Stroke screening has no real effect

25 Aug, 2020
 
Professor Valery Feigin
Professor Valery Feigin

Professor Valery Feigin says a radical change in stroke prevention and treatment is needed in the current global health and economic crisis.

The World Stroke Organisation (WSO) and World Heart Federation (WHF) have declared that current screening of Cardiovascular Disease (CVD) risk factors has no significant effect on the incidence and mortality of stroke and ischaemic heart disease.

In a joint statement published in The Lancet, the two leading NGOs called for governments to move away from the widely adopted approach of screening individuals at high-risk of CVD, towards investment in primary prevention at population level.

This would see governments prioritise tobacco and alcohol control measures, as well as the reduction of salt and trans fats in processed foods, and address sedentary lifestyles.

“When 80 percent of strokes happen to people who are not categorised as high-risk, we clearly need to rethink our approach.” says Professor Valery Feigin, Director of the National Institute for Stroke and Applied Neurosciences (NISAN) at Auckland University of Technology (AUT).

“Labelling people as low-risk provides false reassurance and reduces their motivation to control their risk factors, including behaviour risk factors like poor diet, physical inactivity, smoking and alcohol use,” he says.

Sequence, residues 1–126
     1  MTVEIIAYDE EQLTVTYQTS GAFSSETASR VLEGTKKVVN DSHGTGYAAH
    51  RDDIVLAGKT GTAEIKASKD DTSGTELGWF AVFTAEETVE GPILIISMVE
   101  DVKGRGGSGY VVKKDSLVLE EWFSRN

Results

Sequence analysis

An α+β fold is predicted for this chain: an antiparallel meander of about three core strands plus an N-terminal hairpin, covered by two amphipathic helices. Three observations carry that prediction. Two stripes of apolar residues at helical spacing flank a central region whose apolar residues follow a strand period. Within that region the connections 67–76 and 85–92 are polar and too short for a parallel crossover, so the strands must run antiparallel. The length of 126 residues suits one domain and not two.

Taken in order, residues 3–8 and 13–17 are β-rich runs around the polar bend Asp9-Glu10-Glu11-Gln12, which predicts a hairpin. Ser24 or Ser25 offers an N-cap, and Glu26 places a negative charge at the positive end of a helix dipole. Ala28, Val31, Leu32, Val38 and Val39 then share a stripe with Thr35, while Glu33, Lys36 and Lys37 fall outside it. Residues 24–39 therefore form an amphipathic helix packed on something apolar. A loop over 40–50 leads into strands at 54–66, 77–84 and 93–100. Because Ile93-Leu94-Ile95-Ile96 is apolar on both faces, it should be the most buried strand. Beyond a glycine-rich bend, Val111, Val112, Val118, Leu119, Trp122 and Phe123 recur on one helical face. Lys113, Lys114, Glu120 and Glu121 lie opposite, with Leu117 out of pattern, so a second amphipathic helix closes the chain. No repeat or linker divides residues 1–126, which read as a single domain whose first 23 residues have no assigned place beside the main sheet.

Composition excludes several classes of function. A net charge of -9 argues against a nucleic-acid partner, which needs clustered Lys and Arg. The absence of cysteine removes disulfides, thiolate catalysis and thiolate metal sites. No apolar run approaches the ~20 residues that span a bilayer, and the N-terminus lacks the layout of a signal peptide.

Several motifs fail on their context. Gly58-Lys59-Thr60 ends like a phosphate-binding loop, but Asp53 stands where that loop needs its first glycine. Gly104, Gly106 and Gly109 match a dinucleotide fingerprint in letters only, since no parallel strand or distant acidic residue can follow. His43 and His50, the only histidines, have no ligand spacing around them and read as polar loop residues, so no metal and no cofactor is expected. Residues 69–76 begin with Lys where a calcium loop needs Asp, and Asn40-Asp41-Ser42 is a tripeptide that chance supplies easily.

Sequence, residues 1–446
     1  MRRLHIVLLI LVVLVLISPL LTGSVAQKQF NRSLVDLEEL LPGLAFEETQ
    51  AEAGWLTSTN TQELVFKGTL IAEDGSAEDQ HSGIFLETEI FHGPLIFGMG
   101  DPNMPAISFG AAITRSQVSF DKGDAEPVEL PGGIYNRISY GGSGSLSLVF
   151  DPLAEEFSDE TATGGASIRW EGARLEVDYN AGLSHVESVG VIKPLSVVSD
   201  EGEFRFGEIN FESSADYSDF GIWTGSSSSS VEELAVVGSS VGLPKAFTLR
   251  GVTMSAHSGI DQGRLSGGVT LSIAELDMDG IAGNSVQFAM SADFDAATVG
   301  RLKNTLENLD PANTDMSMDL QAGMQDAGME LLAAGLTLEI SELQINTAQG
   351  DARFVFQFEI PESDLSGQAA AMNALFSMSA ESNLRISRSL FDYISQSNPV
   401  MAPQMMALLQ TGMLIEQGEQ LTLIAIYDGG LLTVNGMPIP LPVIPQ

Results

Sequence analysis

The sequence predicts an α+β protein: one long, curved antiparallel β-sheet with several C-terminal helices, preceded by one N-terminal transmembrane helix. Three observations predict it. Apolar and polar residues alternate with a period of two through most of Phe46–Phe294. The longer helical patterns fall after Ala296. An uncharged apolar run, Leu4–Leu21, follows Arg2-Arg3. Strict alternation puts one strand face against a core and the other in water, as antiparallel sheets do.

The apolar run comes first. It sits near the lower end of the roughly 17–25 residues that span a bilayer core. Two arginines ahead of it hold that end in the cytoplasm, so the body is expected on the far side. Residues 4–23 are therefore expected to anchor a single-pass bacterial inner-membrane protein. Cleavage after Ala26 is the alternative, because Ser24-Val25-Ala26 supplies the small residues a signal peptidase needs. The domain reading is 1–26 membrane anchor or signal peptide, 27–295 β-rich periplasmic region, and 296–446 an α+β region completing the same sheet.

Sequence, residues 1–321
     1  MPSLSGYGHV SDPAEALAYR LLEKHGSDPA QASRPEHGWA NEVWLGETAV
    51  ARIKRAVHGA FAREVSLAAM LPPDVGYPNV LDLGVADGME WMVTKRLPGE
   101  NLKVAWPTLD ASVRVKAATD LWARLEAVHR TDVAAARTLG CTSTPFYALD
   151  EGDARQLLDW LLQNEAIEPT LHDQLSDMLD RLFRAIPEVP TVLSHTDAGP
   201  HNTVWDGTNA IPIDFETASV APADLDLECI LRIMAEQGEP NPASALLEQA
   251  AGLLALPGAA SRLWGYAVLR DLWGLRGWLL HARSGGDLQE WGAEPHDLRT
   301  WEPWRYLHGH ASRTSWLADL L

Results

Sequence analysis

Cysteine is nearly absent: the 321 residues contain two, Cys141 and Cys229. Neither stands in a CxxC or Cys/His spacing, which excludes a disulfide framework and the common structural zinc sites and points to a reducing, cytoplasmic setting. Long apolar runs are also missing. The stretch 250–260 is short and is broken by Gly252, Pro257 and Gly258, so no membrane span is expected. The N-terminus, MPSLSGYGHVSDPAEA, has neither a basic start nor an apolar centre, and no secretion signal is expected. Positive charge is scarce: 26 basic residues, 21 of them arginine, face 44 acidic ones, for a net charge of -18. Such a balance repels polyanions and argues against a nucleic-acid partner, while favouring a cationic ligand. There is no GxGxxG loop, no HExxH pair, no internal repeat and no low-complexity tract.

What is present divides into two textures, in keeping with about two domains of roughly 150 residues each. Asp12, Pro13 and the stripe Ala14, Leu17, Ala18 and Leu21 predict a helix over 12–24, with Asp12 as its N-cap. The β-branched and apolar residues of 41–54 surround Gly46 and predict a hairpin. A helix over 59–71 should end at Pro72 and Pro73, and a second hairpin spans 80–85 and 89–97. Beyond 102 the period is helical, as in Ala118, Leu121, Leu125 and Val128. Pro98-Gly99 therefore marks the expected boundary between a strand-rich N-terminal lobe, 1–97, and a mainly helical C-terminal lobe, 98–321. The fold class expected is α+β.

The adult lifetime risk of stroke is now one-in-four, compared to one-in-six less than two decades ago.

WSO President, Professor Michael Brainin, says: “Global progress on prevention has stalled at an enormous cost to individuals and an increasing cost to society. This failure has been made more visible by the current global health and economic crisis, where poor population health and fragile healthcare systems have combined with COVID-19 to deliver a perfect storm”.

Professor Feigin, who serves on the WSO Executive Committee, says there is ‘scant’ robust scientific evidence that current national screening programmes offer value for money in terms of reducing the burden of disease.

“By focusing all of our efforts on identifying and treating diseases of the circulatory system, we are missing the opportunity to intervene on their shared causes much earlier, when the costs are lowest,” he says.

The estimated benefit-cost ratio would be $10.90 in economic and social returns for every $1.00 spent on population-wide primary prevention, according to The Lancet Taskforce on Non-Communicable Diseases (NCDs).

Professor Feigin says the results would be evident within a year or two – most certainly within an election cycle. He maintains that the annual number of new strokes in New Zealand could be halved, from more than 8,000 to 4,000.

“The benefits of population-wide primary prevention go beyond stroke and ischaemic heart disease – there would be positive flow-on effects for a range of NCDs, including diabetes and most cancers,” he says.

“In the past 30 years, the number of stroke survivors has tripled, yet budgets for stroke-related services remain largely static. The current approach to stroke prevention and treatment is unsustainable, and governments must take radical action now.”

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